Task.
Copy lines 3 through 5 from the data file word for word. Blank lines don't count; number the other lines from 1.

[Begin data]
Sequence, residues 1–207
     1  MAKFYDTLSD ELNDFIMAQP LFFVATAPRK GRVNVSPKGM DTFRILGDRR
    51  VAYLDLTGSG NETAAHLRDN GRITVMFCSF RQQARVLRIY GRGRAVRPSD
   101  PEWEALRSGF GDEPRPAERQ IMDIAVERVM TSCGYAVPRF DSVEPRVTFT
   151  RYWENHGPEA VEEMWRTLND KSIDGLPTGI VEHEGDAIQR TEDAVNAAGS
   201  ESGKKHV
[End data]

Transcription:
    51  VAYLDLTGSG NETAAHLRDN GRITVMFCSF RQQARVLRIY GRGRAVRPSD
   101  PEWEALRSGF GDEPRPAERQ IMDIAVERVM TSCGYAVPRF DSVEPRVTFT
   151  RYWENHGPEA VEEMWRTLND KSIDGLPTGI VEHEGDAIQR TEDAVNAAGS